But changing the subject slightly, I saw promotional material from a company in the UK aerospace sector (almost certainly not the company you're thinking of) with a picture of a woman stood at a pillar drill with long hair hanging loose. To be fair, she was wearing safety goggles, but that's not going to stop your scalp being torn off when you get your hair caught up in a 1.5kW pillar drill...
I've seen that happen, it's not pretty.
CDT class at secondary school, a girl got her hair caught in a pillar drill, which tore a patch of skin from her scalp. Whilst all the attention was on her, my friend was happily gluing his plastic project together with chloroform in a fume cupboard he had neglected to turn on. He passed out and fell off the stool he was perched on!
At a school I attended the CDT teacher had everyone in the class sign a bit of paper to say we'd been trained on using equipment. He hoped to absolve himself of any blame if a student mutilated themselves. He tried to force me to use powertools to complete my project but failed when it proved too big to fit.
The CDT teacher at our school came from a real engineering background, and had the missing fingers to prove it. He used to regale the kids with (probably apocryphal) tales of industrial accidents he had seen. One involved a fatality in a metal press and a red line left on the wall behind it as a warning to others.
he would have been working in industry in the '60s/'70s, before Health and Safety legislation, and his experiences are, no doubt, similar to many which led to the introduction of such. It's worth noting that those who object most vocally to workplace safety are the ones who back then would have owned the factories, not worked in them, such as the UKIP councillor who, a few years ago, had someone die whilst digging his swimming pool unsafely.
We used to call CDT "Shop".
But that was back in the halcyon days when kids were allowed to use sharp tools, and play with hot (sometimes molten!) metal and glass, and machines without many "protect me from myself" features. The chemistry labs were full of real chemicals, too.
And then the elfin safety nazis took all the fun out of learning ... Is it any wonder that today's yoof don't actually do anything? The will to live is being sapped out of them. I have this theory that you have to see your own blood on something before it truly becomes meaningful to you ...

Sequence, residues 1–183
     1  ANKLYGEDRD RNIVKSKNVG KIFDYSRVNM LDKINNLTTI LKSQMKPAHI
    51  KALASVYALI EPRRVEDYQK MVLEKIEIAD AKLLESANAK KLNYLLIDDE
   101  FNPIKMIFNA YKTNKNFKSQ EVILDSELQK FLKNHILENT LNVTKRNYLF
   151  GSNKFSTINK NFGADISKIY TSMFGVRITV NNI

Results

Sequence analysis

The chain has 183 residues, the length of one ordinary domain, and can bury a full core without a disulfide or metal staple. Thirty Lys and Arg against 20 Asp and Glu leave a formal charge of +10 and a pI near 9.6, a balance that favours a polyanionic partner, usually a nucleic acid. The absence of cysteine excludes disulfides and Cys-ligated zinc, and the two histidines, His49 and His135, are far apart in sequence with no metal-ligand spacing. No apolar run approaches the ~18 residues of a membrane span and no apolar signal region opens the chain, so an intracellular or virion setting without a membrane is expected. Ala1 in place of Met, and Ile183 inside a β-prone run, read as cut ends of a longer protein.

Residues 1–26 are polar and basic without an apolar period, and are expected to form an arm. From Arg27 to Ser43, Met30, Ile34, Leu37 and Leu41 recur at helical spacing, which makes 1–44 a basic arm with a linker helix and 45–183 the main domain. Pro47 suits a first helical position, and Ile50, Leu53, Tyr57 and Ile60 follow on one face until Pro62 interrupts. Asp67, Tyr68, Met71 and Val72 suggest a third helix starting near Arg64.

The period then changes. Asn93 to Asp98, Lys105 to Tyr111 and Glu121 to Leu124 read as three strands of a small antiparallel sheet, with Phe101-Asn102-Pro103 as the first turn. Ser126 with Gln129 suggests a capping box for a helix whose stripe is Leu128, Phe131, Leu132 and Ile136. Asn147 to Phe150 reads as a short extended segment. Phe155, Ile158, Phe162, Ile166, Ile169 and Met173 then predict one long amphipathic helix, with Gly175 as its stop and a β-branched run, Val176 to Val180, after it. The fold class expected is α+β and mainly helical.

Yep! When I was at a Technical High School (UK) in the '60s we had huge workshops and labs, in the metal work shop we learned forge work, casting ally and brass plus use of all the common machines, I made a really neat set of brass knucks on the milling machine but a humourless teacher confiscated them.
Science labs were great too with lashings of dangerous chemicals.
Science labs were great too with lashings of dangerous chemicals.
It was during my schooldays they banned benzene.
The school's chemistry department still had stocks of it, and our chemistry teacher wasn't going to let some ban get in the way of his classes using it.
Also used lots of asbestos back then ... could be bought in the shops for a few pence.
Indeed we used to do deflagration reactions on asbestos paper strip (the teacher had a 9" diameter roll of it, about 1" wide). Very fibrous (obvs).
We had square sheets of wire mesh with a circular bit of asbestos in the middle. We'd sit the thing on a tripod over a bunsen burner and sit our beakers on top.
I wonder if I can sue the education dept. I had a slight cough a couple of weeks back, might be asbestosis caused by that! (Likelihood of me getting that is low, and if I do the likelihood of it coming from one of dozens of other sources is very high)
No, unlike the modern ones which have been sanitized so little B1FF and Buffy can't possibly hurt themselves, thus removing a significant portion of the hands-on subject matter that keeps the kids attention while they are learning the more boring aspects. But you knew what I meant, now didn't you?